Health insurance for small businesses has become problematic in this staggering economy. Traditional plans require employers to contribute to the cost of premiums and require participation rates that are now difficult to meet amid layoffs.
That’s why this year’s small group special enrollment period running November 15 through December 15 is especially important. Even businesses with as few as two employees — and only one plan participant — can switch to a great group plan with no employer contribution required. And the employee can pay the premium on a pre-tax (salary deduction) basis.
This special deal is courtesy of the Affordable Care Act, which mandated small businesses have a once-yearly chance to set up a plan offering the same comprehensive coverage as the generous plans negotiated by large businesses in your state. During this period, all insurance companies that are selling plans in your state, on or off the health care exchanges, must agree to accept all small businesses that apply for coverage.
Why does this come as a surprise? Few insurance agents are pushing these plans, because they are a nuisance to the insurers and don’t generate big commissions for the agent. So it’s up to you — the small business owner — to ask for this coverage.
Here’s how this small business insurance deal works:
–Dates: Businesses must apply between November 15 and December 15. The plan becomes effective January 1, 2021.
–Qualifications: Businesses can set up a plan even if only one full-time employee joins. So, if some employees are covered by a spousal plan, a less expensive ACA plan or Medicare, and only the business owner wants this coverage, the plan is qualified.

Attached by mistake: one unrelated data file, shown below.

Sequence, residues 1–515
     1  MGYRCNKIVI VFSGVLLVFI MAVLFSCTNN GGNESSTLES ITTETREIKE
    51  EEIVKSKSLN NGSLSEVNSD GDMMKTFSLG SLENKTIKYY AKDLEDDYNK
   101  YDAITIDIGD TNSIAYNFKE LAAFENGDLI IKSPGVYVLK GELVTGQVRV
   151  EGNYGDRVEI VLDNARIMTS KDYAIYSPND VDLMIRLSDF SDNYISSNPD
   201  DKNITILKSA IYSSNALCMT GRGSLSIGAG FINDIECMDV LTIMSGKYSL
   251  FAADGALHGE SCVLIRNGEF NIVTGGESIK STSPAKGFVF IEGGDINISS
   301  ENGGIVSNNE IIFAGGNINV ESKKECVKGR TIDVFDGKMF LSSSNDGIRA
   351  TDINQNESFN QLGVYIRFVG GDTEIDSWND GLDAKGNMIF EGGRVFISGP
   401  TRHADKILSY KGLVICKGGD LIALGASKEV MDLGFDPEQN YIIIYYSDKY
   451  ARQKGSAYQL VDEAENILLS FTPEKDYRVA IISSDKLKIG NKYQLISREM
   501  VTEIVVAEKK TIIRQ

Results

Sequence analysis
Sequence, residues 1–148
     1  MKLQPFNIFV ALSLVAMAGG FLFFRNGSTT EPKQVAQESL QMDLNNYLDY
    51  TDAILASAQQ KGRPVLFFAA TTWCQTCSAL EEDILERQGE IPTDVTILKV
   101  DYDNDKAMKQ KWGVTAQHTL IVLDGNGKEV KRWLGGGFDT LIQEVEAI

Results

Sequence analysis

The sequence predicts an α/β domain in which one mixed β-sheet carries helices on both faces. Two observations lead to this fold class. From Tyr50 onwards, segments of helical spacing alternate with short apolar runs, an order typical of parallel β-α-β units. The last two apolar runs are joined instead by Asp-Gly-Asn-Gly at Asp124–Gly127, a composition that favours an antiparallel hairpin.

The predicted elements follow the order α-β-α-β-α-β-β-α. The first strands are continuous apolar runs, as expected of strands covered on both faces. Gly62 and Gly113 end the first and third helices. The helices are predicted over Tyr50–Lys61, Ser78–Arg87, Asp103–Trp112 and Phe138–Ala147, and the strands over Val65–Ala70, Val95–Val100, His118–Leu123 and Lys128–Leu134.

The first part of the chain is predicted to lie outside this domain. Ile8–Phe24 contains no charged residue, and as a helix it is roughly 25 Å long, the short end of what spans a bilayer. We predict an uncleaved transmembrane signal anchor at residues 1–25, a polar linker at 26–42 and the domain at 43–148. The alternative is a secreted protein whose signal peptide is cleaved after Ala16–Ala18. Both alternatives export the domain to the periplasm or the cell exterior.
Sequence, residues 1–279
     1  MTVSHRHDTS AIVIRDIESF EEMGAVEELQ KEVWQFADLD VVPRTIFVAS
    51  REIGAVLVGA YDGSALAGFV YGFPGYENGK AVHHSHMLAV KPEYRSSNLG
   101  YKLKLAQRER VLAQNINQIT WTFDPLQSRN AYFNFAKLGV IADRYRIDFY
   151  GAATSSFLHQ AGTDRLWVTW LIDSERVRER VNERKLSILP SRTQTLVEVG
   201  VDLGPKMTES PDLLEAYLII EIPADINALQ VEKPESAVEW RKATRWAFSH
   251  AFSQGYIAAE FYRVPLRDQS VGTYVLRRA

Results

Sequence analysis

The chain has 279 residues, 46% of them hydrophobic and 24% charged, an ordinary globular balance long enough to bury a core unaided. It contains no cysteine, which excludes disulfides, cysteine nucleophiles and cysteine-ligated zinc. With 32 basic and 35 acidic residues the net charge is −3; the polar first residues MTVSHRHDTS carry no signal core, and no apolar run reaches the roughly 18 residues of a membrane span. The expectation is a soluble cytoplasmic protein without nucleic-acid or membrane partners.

–Coverage: The plan must offer equal coverage as group plans for large businesses in the state. Generally this means access to a wide network of hospitals and physicians.
–Premiums: The monthly premiums must be comparable to those offered to traditional small group plans. The employer is NOT required to contribute. Any employee joining the plan can pay premiums on a pre-tax basis.
–Pre-existing conditions: There are no limitations, because of the provisions of the ACA.
These requirements offer the opportunity to be very creative in solving health insurance needs. For example, a small business could cover the owner and spouse if they form an official partnership. (Spouses cannot be counted as employees to qualify for these plans.) A business owner who is older and covered by Medicare does not have to join the plan — but can offer the insurance to employees.
Part-time workers cannot qualify for coverage under this plan, but they are considered as one of the two employees required for eligibility. So, a sole proprietor could set up a plan if he or she had a qualified part time employee — even if the employee is paid by 1099.
Think about your own insurance situation, and those who worked for you and might have been laid off during the pandemic. If the cost of insurance was the barrier to rehiring them, this could alleviate that problem. And if your existing small business coverage is in jeopardy because you’re required to pay a significant portion of employee insurance, this solves your cost issue and gives employees tax-deductible group insurance.
During this pandemic health insurance coverage is ever more important. Ask your insurance agent — or go to the specialists to get guidance: Vesta Benefits Group (www.vestabenefitsgroup.com) and eHealth (www.ehealthinsurance.com).
Allen Wishner, CEO of Vesta, says that this program was started for small businesses that couldn’t afford to provide health insurance. Now, Wishner says, “This pandemic has made health insurance unaffordable for many struggling small businesses that are currently offering it — just as it is most needed.” He urges small businesses to fill out the “employee census” at his website to see if they can qualify and find the costs — and to begin the paperwork so applications can be submitted on November 15.
(Article written by Terry Savage)